Attempts to interface human-made systems with neural systems are commonly based on direct electrical stimulation or exogenous drug delivery. Few techniques have attempted to mimic neurons' own combination of electronic and chemical signaling with endogenous substances. We demonstrate below the organic electronic ion pump (OEIP), a technology which aims to accomplish just that: electronically controlled delivery of ions, neurotransmitters and other bio-substances. Based on electrophoretic migration through an organic electronic system, delivery is diffusive and non-convective, that is, without fluid flow. Various experiments involving OEIP technology are reviewed, culminating in its use, in an encapsulated form, to modulate sensory function in a living animal. As a first step towards an “artificial neuron”, this technology has significant potential for both neural system interfacing and in the treatment of various neurological disorders.

  • 175.
    Tehrani, Payman
    et al.
    Linköping University, Department of Science and Technology. Linköping University, The Institute of Technology.
    Engquist, Isak
    Linköping University, Department of Science and Technology. Linköping University, The Institute of Technology.
    Robinson, Nathaniel D
    Linköping University, Department of Physics, Chemistry and Biology, Surface Physics and Chemistry. Linköping University, The Institute of Technology.
    Nilsson, David
    Acreo AB.
    Robertsson, Mats
    Acreo AB.
    Berggren, Magnus
    Linköping University, Department of Science and Technology. Linköping University, The Institute of Technology.
    Printable organic electrochemical circuit to record time-temperature history2010In: ELECTROCHIMICA ACTA, ISSN 0013-4686, Vol. 55, no 23, p. 7061-7066Article in journal (Refereed)
    Abstract [en]

    An electrochemical circuit to record time-temperature history has been realized by using the propagation of over-oxidation fronts in stripes of poly(3,4-ethylenedioxythiopehene) blended with poly(styrenesulfonate) (PEDOT:PSS). The over-oxidation front propagation has been characterized and related to the phase change of polyethylene glycol (PEG) electrolytes. The electrolytes were chosen to have a phase transition in the temperature interval to be monitored, resulting in large conductivity variations and thereby an easily interpreted output. A demonstrator has been fabricated and shown to detect a temperature increase and a following temperature decrease. This very simple device is cheap to produce and could be used to monitor the temperature of packages.

  • 176.
    Larsson, Oscar
    et al.
    Linköping University, Department of Science and Technology. Linköping University, The Institute of Technology.
    Wang, Xiaodong
    Linköping University, Department of Science and Technology. Linköping University, The Institute of Technology. null.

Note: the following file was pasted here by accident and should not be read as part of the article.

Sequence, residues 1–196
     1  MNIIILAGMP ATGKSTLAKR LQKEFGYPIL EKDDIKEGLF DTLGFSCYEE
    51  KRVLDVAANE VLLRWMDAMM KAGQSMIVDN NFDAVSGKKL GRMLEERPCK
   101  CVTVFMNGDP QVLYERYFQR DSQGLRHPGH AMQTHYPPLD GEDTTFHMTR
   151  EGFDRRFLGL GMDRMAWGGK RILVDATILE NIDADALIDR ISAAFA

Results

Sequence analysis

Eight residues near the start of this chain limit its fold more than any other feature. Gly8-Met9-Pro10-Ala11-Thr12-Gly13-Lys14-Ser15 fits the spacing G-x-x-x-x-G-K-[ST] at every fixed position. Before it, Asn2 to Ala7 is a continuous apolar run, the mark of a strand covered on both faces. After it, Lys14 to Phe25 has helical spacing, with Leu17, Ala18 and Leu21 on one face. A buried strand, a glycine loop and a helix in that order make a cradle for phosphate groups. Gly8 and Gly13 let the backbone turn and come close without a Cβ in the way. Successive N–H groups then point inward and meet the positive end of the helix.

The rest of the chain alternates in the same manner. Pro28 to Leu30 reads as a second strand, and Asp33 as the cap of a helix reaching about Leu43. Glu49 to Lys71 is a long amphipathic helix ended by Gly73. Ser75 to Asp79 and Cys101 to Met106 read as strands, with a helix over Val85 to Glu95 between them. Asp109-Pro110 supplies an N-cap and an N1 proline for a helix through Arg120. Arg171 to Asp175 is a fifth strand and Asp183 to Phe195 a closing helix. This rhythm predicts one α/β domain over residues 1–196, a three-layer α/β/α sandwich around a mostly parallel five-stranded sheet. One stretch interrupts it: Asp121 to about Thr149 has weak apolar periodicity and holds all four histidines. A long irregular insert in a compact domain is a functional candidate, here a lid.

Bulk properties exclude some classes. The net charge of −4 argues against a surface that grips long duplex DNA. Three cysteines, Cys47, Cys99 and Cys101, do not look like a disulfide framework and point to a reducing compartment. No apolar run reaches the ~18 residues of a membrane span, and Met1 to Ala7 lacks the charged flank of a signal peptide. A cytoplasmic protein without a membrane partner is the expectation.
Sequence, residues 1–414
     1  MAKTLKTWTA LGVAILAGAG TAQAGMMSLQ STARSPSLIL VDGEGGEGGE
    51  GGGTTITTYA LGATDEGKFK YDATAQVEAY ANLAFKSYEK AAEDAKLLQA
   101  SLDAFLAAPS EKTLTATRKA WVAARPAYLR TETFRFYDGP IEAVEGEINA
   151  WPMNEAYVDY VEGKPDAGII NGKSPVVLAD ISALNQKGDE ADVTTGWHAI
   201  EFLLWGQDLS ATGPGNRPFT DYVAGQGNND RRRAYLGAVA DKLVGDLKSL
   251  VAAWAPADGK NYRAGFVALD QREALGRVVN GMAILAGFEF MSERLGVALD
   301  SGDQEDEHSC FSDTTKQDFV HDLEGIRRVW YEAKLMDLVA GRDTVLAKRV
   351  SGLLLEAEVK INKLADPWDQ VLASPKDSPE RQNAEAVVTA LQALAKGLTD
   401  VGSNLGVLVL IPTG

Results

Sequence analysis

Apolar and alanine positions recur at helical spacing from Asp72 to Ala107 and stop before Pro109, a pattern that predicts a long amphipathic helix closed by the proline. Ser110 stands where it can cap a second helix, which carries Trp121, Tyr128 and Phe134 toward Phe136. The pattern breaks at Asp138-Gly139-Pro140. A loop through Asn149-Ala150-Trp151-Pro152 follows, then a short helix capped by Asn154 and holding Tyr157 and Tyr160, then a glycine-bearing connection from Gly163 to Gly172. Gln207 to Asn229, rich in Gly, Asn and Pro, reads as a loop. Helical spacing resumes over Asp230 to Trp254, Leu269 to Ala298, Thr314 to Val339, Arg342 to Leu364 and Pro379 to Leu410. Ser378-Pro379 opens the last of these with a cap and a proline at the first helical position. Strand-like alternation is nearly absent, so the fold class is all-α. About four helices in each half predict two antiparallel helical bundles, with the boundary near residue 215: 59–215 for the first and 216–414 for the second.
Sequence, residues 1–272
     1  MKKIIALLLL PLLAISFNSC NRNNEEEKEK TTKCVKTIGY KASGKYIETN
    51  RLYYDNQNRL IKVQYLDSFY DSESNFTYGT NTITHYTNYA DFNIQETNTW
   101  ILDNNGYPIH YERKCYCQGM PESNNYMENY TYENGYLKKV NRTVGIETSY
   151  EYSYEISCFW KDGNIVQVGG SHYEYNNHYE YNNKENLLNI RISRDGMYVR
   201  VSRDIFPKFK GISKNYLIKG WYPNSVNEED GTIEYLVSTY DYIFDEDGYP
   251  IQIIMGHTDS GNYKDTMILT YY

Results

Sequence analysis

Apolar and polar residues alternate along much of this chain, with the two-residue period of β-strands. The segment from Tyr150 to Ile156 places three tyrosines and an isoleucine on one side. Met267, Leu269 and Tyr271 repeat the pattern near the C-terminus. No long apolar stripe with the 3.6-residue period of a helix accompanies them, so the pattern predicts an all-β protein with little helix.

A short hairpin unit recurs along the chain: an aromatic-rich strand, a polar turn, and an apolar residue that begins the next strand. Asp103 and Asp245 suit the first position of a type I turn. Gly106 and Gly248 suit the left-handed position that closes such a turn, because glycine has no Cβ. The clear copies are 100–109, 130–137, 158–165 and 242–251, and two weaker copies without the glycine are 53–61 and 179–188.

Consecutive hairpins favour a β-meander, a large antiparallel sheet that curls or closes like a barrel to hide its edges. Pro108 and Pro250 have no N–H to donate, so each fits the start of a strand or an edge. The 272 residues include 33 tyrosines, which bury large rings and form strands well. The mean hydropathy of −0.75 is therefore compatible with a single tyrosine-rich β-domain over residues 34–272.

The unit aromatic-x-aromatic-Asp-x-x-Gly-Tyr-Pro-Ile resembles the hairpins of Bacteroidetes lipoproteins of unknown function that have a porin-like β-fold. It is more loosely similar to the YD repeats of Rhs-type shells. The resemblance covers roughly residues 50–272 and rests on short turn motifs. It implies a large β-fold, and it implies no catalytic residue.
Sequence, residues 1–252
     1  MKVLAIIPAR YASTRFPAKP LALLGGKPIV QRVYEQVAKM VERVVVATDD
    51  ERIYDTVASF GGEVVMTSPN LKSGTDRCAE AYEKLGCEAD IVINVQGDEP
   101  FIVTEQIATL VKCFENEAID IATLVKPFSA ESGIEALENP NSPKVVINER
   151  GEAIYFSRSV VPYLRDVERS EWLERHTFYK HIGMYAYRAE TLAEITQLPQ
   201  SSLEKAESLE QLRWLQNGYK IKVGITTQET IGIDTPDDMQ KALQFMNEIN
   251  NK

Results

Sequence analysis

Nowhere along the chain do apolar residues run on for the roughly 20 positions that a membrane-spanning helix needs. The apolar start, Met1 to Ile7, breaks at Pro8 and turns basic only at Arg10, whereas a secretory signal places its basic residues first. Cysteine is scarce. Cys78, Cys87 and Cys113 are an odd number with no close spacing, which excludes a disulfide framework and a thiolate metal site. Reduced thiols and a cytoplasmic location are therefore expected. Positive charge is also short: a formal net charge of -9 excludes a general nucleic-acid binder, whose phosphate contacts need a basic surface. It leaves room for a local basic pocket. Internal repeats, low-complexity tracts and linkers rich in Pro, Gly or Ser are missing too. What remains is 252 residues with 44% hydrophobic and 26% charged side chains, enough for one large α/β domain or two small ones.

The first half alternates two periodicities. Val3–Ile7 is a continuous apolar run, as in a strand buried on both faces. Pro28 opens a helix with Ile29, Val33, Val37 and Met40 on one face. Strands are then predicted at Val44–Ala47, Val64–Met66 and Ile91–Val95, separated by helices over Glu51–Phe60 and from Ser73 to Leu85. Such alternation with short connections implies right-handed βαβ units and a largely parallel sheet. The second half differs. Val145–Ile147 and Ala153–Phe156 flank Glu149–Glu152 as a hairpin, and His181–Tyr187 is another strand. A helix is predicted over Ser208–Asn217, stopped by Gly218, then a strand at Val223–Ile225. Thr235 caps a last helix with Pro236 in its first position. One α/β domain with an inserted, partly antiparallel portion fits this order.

Berggren, Magnus
    Linköping University, Department of Science and Technology. Linköping University, The Institute of Technology. null.
    Crispin, Xavier
    Linköping University, Department of Science and Technology. Linköping University, The Institute of Technology. null.
    Proton motion in a polyelectrolyte: A probe for wireless humidity sensors2010In: Sensors and actuators. B, Chemical, ISSN 0925-4005, E-ISSN 1873-3077, Vol. 143, no 2, p. 482-486Article in journal (Refereed)
    Abstract [en]

    Low-cost passive wireless electronic sensor labels glued onto packages are highly desirable since they enable monitoring of the status of the packages for instance along the logistic chain or while stored at a shelf. Such additional sensing feature would be of great value for many producers and vendors, active in e.g. the food or construction industries. Here, we explore a novel concept for wireless sensing and readout, in which the humidity sensitive ionic motion in a polyelectrolyte membrane is directly translated into a shift of the resonance frequency of a resonance circuit. Thanks to its simplicity, the wireless sensor device itself can be manufactured entirely using common printing techniques and can be integrated into a low-cost passive electronic sensor label.

  • 177.
    Wadeasa, Amal
    et al.
    Linköping University, Department of Science and Technology. Linköping University, The Institute of Technology.
    Tzamalis, G
    Linköping University, Department of Science and Technology. Linköping University, The Institute of Technology.
    Sehati, Parisa
    Linköping University, Department of Physics, Chemistry and Biology, Surface Physics and Chemistry. Linköping University, The Institute of Technology.
    Nour, Omer
    Linköping University, Department of Science and Technology. Linköping University, The Institute of Technology.
    Fahlman, Mats
    Linköping University, Department of Physics, Chemistry and Biology, Surface Physics and Chemistry. Linköping University, The Institute of Technology.
    Willander, Magnus
    Linköping University, Department of Science and Technology. Linköping University, The Institute of Technology.
    Berggren, Magnus
    Linköping University, Department of Science and Technology. Linköping University, The Institute of Technology.
    Crispin, Xavier
    Linköping University, Department of Science and Technology. Linköping University, The Institute of Technology.
    Solution processed ZnO nanowires/polyfluorene heterojunctions for large area lightening2010In: Chemical Physics Letters, ISSN 0009-2614, E-ISSN 1873-4448, Vol. 490, no 4-6, p. 200-204Article in journal (Refereed)
    Abstract [en]